Halloween can be a fantastic holiday. It brings together families for trick or treating and friends for parties or other get-togethers. It’s a time when we can be someone (or something!) else for a single evening before returning to our regular lives. We may even choose to indulge our sweet tooth either by picking up some on sale candy the day after, “borrowing” some of junior’s hard earned treasure, or just finishing off the leftovers meant for trick-or-treaters.
For those of us that do enjoy the sweet rewards of All Hallows’ Eve, it can be helpful to have a recovery plan for the weeks following up. Consider some of these tips to save room for Thanksgiving and keep your blood from turning to syrup.
Helpful Herbs and Minerals
Our bodies crave sugar—and for good reason. Simple sugars convert to energy almost immediately and can be utilized by the brain. For the purpose of survival, we’re wired to want sugar whenever we can get it. Unfortunately simple sugars in modern foods are abundant and lead to sudden spikes in blood sugar that result in similar spikes in insulin production (and the accompanying crash along with its good friends, fatigue and headaches).
But there are some herbs to help fight the physiologic craving. Gymnema sylvestre is a relatively inexpensive Ayurvedic herb that can be found as a supplement in a variety of health food stores, sometimes even at your local grocer. Some studies show benefit to the pancreas, the organ in which insulin is produced.
Chromium (usually found as chromium picolinate) is another useful supplement for blood sugar handling as it improves the function of insulin and allows us to absorb sugars more effectively. Its presence in our body declines with age, so taking it as a supplement or part of a multivitamin increases in value as we get older.
Berberine also aids with blood sugar control but has the added benefit of helping break down and metabolize fats.
Adding a pinch of cinnamon to sweets is also advisable as it has been shown to help regulate sugars in the blood.
While it may not be necessary to dead lift or bench press your way to health, weight based activities that require explosive strength are excellent for mediating blood sugar levels and keeping sugars from becoming fats. Unlike exercises such as walking which utilize lipids for energy, heavy lifting requires sugar in the form of glucose.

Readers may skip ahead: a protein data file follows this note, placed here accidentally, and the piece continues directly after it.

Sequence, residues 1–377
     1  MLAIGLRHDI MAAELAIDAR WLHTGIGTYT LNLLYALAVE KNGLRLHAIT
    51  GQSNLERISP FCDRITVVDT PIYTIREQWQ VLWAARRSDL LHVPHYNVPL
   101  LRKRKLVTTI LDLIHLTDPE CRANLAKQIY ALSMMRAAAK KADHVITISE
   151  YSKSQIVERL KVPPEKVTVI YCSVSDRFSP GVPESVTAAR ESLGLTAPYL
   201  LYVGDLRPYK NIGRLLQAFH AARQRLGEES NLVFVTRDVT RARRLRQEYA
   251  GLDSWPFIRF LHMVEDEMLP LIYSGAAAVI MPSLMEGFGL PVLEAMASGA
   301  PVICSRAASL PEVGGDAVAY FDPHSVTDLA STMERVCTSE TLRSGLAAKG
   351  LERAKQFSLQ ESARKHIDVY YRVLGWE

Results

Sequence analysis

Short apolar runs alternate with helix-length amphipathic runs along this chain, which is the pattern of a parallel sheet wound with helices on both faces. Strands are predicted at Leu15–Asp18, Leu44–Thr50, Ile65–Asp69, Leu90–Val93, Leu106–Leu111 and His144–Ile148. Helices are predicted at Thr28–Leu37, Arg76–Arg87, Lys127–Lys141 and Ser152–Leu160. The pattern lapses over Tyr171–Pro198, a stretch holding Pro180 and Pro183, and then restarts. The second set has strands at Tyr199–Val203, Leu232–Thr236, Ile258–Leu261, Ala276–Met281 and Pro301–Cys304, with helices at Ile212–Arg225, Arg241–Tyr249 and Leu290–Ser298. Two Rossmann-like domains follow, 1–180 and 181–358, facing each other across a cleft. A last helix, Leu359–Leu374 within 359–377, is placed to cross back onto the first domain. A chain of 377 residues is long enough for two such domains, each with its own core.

The other benefits of weight training include strong bone structure (and prevention of osteoporosis), increase in muscle mass, and generally better everyday function. Weight training also typically takes less time than cadiovascular exercises and may be easier to squeeze into the schedule.
Easily the most efficient workout with the largest impact on blood sugar, Tabata exercises are activities that involve explosive cardiovascular exercises such as sprinting for extremely brief periods of time (usually around 4 minutes per workout). The idea behind a Tabata exercise is to push yourself to the limit for around 20 seconds followed by a brief 10 second rest period before starting again.
Besides being a fantastic way to burn off excess sugar, Tabata exercises have the benefit of working at all levels of fitness because they require you to run, pedal, or move at your absolute maximum power.
With that being said, Tabata exercises should always be started under the advice or supervision of a physician with proper training. The exercise puts a lot of stress on the heart and lungs and may not be safe for people with health conditions such as asthma or other types of COPD. Consult your doctor before starting any form of stressful exercise program.
Next Up: Thanksgiving
With Thanksgiving right around the corner and the Christmas season hot on its heels, there’s no better time to start preparing. Make use of some of the above tips and steel yourself for the turkey onslaught (or whatever your chosen meal items may be).
If you’re interested in a more detailed nutritional consult or improving your health, give us a call at (321) 972-2008. Our doctors are trained to utilize specialized nutritional testing in addition to techniques such as Nutrition Response Testing.